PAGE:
One really effective way to begin planning your next studio painting is to do several thumbnail sketches until you hit on something you like. After that, you might forgo heading directly into oil paint and do some pre-planning in the medium of soft vine charcoal. The reason for this is because soft vine charcoal is very workable, takes the eraser well, and is a joy to work with when making changes and adjustments. As a drawing medium, it is the closest thing I know to oil painting in many respects. Specifically, you are dealing with a “mass” approach in charcoal, as opposed to a linear one, as in pen or pencil. Also, you are working with values, edge control and textures to some extent; the only thing it lacks is color, which at this stage of planning, is a plus! It’s a great way to work out problems associated with painting, before you ever set brush to canvas.
In my studio I have a number of drawing boards that I cut from larger pieces of quarter-inch MDF board, purchased from any home improvement store or lumber supply company. These drawing boards are ready when I need them, with a good quality charcoal paper handy, which can be taped to the board for quick access. I have cut these boards in two sizes: (21” x 24”) for most studio situations, as well as a couple of 14 x 20s for outside use. I have constructed carrying boxes with slots in order to carry them without disrupting the drawing surface when in transport.
A good quality paper is also very critical for modeling in charcoal, as well as being able to lighten areas of the drawing and to make crisp erasure marks. Without a good quality paper, it’s very difficult to make full use of the limited value range of the medium; this also enhances a clean textural effect. Papers such as newsprint that are used in college drawing classes are an excellent way for students on a budget to rack up drawing miles, but once they start to produce saleable works, it’s a must to switch to a better quality paper. The charcoal papers I mostly use are Strathmore 300 and 500 series. There are others that are equally good, and some that are even tinted, making it possible for the artist to use a white chalk to create highlight effects. You can experiment here, to your heart’s content.
When doing a charcoal drawing my tools of choice are as follows: several sticks of thin soft vine charcoal, as well as some thicker ones used in set design; a chamois, which is used to wipe the drawing surface and move large amounts of charcoal with one broad swipe; for erasers, I carry a kneaded eraser, as well as pink and white ones (there is even an eraser that comes in the form of a pencil that can be sharpened to reveal a clean tipped tool for smaller technical parts of the drawing); a couple of bristle or synthetic oil painting brushes, to move the charcoal around as well as a paper stump for blending and modeling the forms of the drawing. Add to these some sandpaper for sharpening the vine, blue housepainter’s tape for securing the paper to the board and there you have it, all the tools you need to create a quality charcoal rendering.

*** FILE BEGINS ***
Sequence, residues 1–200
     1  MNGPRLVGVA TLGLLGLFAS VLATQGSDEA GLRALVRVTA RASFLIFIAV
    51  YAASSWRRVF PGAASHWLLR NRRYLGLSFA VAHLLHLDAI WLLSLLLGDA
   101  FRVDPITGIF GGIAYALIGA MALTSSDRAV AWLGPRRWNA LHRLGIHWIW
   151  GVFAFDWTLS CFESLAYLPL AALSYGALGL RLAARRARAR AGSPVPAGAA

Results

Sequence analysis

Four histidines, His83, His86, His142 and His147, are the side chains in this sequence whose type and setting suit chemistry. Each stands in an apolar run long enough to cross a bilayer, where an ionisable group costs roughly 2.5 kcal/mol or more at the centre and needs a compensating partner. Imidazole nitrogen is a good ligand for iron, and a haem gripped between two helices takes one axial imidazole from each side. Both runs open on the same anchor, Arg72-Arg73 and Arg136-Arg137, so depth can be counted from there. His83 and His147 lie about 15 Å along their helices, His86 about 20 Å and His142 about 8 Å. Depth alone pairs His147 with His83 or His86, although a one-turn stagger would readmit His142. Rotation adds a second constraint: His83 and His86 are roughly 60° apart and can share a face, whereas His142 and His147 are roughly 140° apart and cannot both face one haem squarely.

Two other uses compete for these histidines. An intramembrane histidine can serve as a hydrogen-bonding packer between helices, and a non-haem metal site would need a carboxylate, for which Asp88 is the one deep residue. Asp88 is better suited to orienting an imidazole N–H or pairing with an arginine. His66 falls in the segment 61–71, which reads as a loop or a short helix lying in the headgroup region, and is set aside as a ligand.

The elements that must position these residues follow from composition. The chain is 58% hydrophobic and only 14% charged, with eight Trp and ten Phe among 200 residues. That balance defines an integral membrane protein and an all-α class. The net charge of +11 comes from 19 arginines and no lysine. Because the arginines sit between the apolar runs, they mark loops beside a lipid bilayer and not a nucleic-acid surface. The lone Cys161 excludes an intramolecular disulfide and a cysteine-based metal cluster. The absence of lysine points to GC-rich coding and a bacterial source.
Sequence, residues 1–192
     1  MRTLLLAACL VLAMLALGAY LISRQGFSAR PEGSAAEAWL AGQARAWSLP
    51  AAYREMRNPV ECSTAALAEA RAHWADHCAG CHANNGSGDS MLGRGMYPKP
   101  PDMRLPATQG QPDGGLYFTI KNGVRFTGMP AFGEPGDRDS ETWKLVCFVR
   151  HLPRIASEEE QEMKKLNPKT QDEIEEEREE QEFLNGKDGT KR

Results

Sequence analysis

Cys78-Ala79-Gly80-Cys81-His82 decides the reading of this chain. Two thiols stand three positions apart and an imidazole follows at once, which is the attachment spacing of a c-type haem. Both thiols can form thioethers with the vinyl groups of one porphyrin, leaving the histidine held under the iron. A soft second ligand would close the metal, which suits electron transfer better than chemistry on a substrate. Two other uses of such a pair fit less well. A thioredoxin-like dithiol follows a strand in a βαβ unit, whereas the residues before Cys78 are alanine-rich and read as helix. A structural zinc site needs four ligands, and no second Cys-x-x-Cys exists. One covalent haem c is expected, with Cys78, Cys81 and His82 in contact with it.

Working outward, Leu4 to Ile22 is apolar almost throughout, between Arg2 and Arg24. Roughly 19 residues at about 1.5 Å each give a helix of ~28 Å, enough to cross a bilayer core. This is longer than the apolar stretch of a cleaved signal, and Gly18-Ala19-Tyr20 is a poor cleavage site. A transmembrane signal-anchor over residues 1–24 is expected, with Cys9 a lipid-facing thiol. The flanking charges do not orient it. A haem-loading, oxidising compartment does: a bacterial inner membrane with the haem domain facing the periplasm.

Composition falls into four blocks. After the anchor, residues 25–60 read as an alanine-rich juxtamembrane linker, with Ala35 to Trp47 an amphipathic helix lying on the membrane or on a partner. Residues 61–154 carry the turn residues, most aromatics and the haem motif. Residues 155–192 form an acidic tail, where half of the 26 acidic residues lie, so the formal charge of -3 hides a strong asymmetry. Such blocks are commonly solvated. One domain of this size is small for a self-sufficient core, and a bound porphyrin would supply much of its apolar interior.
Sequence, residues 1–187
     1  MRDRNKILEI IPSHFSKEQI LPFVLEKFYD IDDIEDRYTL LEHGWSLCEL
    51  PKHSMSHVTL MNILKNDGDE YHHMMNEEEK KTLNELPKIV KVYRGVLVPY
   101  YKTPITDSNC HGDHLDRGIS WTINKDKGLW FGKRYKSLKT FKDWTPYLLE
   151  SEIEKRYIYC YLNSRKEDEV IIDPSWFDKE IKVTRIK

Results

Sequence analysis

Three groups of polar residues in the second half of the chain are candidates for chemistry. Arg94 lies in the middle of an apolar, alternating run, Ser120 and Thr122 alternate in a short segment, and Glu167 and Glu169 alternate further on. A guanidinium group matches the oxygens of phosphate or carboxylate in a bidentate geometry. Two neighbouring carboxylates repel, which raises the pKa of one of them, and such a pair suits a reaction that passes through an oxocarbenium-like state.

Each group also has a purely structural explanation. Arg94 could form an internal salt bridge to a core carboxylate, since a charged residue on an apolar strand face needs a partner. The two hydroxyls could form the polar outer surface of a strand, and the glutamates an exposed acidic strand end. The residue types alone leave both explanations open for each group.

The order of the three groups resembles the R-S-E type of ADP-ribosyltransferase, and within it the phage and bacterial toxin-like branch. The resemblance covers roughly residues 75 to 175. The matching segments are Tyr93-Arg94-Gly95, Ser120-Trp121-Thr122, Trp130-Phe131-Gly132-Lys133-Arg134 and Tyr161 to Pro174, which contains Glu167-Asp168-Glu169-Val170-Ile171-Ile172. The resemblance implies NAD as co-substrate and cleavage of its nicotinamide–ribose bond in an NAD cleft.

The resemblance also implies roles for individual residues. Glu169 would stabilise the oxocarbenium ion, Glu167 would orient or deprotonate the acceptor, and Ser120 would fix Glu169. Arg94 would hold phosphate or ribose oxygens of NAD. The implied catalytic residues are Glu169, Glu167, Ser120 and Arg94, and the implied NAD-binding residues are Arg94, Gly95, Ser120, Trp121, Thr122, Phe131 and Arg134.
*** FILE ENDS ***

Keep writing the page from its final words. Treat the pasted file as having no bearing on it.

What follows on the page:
You can use any standard easel outdoors to prop up your drawing boards, but make sure they are well-anchored to the easel, so as to prevent the wind from catching them and turning your boards into kites! In some situations, you may even have to anchor the easel to the ground with a rope and a tent stake.
After you have made your initial drawing, it is best to study it for a while, so that you can assess it for possible errors in composition and design. This waiting period can be anywhere from a few hours to a few days, but often coming back to a drawing after a day or two will be just what you need to gain a fresh eye that is so important in getting things back on track. The reason for this is simple enough — it is very easy to become accustomed to errors in a design, whether it be a drawing or painting. Seeing something a little bit later, in a mirror, through a reducing glass or a tinted glass, will often give you that fresh way of looking, that jolts you out of your “perceptual comfort zone” and into a more objective frame of mind. You may know of other ways to accomplish this, and if it works for you, do it; it can only improve your understanding, as well as your art.
After viewing the drawing you may even decide to make major changes or discard the idea you had in mind for a painting altogether. Better now than later, when you have invested a lot of time, paint and linen canvas to a large project. Just remember, revisions are just part of the process in reaching excellence, and why settle for less. Changes are easy, and it is not always necessary to start over on a fresh drawing — simply wipe the surface back with your chamois, and re-design (note — this is only possible if you have not fixed your drawing with a spray fixative). Once you are satisfied with the drawing, pull out the spray and then move on to your canvas, using what you have learned along the way as your guide to design.
These charcoal drawings and finished paintings were done by Utah landscape artist Tom Howard.
An award-winning artist and teacher who has been painting the landscape both in and out of the studio since 1983, John Hughes maintains a studio in Taylorsville and teaches students in private workshops and in a course at Salt Lake Community College.
Categories: Hints 'n' Tips | Visual Arts
Thank you John for using my work. I feel it’s a really good thing to see this kind of writing going on. This article is one of my favorites, as each publication of 15 bytes comes around. It always is a good presentation of theory and practice for the artist to consider in their own work. Great work John, and thank you Shawn for this publication.
Although paintings are lovely, I almost always prefer the drawings or sketches that form the basis for an artist’s painting. So much energy and life in these sketches. Beautiful Tom.